The practice of modern human anatomy was started by Vesalius in sixteenth century Europe during the Renaissance. His exploits are documented in his legendary anatomical text De humani corporis fabrica. Remarkable success of De humani encouraged noted anatomists to publish their own texts over the years. Such a cascading effect started an ongoing process of refining the text based presentation of anatomical details that eventually led to the emanation of Gray’s Anatomy, the masterpiece from Henry Gray. In this review article we have tried to revisit the journey from De humani to Gray’s Anatomy and have also highlighted on other anatomical texts that form important landmarks in this journey. The article attempts to focus on the rectification of Galenic errors, description of new discoveries in human anatomy, introduction of the concept of clinical anatomy, emergence of surgical anatomy and the advent of sectional anatomy. The article also put emphasis on the efforts to make anatomical illustrations used in texts more scientific and in tune with the printed matter. We noted with interest that luminary anatomists over the years have contributed in their own individual manner towards the development of text based anatomy and from cumulative perspective their visionary efforts have shaped the outlook of anatomical texts in present times.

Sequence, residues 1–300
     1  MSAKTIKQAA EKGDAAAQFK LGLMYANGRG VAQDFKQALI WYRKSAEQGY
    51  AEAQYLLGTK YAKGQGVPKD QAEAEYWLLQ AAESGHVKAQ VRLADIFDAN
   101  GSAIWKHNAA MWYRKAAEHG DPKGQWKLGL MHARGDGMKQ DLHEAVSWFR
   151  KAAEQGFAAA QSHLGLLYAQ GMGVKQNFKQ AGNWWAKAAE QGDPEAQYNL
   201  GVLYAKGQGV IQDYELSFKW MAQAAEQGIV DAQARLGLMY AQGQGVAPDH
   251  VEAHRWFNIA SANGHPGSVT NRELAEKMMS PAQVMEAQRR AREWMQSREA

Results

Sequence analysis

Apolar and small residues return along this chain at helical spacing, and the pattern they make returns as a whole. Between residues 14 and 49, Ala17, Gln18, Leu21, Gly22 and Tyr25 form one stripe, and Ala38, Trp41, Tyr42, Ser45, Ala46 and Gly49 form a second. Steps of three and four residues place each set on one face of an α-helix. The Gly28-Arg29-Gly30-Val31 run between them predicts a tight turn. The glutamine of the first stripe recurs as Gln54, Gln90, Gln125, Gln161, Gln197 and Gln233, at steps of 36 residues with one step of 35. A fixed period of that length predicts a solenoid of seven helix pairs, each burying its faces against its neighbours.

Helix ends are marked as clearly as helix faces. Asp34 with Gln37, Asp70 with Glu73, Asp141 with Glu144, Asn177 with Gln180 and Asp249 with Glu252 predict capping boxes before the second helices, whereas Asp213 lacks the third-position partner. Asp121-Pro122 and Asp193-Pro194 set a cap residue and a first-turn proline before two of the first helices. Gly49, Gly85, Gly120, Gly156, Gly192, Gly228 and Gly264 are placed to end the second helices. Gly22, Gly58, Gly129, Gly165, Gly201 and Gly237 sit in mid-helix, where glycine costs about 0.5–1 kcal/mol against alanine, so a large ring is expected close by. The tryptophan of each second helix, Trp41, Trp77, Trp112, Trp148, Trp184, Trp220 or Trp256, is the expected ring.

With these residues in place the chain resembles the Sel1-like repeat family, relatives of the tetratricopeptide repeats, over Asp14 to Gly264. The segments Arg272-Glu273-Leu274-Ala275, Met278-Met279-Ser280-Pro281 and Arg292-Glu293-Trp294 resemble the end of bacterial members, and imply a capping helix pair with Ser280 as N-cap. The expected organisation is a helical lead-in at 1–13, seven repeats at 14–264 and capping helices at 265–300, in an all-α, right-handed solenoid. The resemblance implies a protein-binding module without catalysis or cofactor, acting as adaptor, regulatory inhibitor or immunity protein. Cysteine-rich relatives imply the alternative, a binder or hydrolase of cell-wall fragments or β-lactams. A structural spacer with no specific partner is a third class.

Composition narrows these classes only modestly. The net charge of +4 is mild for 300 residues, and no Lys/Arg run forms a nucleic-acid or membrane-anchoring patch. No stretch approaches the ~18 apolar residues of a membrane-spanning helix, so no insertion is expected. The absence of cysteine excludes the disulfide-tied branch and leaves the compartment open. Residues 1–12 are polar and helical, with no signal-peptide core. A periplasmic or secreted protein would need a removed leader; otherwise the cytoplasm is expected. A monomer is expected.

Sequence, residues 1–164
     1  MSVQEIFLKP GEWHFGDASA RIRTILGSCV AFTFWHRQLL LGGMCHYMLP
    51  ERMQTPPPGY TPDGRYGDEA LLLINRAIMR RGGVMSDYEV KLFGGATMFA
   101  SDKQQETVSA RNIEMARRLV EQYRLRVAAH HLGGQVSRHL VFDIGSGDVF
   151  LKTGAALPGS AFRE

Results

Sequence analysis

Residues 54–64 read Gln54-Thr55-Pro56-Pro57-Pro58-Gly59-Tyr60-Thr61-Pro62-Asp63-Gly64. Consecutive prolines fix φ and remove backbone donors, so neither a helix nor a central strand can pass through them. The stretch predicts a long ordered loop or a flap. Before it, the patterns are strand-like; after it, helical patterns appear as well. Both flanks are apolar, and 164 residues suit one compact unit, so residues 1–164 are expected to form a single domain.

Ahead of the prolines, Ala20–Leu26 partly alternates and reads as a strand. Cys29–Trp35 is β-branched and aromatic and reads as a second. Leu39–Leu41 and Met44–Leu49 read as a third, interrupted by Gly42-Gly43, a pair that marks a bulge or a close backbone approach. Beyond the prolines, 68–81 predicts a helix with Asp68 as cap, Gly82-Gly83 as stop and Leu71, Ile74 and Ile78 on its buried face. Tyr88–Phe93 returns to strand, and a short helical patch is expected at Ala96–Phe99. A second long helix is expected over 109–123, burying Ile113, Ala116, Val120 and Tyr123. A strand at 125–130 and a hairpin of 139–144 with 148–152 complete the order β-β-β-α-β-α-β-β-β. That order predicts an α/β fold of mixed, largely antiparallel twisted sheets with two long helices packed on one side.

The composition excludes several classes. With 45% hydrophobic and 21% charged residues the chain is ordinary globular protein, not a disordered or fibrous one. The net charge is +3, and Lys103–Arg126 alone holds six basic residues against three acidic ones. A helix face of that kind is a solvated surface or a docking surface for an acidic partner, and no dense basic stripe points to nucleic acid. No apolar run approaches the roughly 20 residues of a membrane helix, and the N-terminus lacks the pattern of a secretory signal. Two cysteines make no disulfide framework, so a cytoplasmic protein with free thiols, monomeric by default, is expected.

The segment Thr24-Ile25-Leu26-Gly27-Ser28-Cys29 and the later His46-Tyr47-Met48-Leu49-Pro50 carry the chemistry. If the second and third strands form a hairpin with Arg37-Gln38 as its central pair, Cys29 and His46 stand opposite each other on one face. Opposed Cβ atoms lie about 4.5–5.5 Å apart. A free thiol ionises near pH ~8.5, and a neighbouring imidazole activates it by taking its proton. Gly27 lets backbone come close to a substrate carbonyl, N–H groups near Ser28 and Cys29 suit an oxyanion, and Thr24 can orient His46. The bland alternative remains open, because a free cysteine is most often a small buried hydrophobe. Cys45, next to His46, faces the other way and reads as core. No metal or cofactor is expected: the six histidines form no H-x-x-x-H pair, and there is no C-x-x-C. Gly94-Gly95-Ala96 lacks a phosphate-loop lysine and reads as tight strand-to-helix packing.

De Humani Coporis Fabrica
Anatomy of the Human Body
Anatomy: Descriptive and Surgical
Conflicts of Interest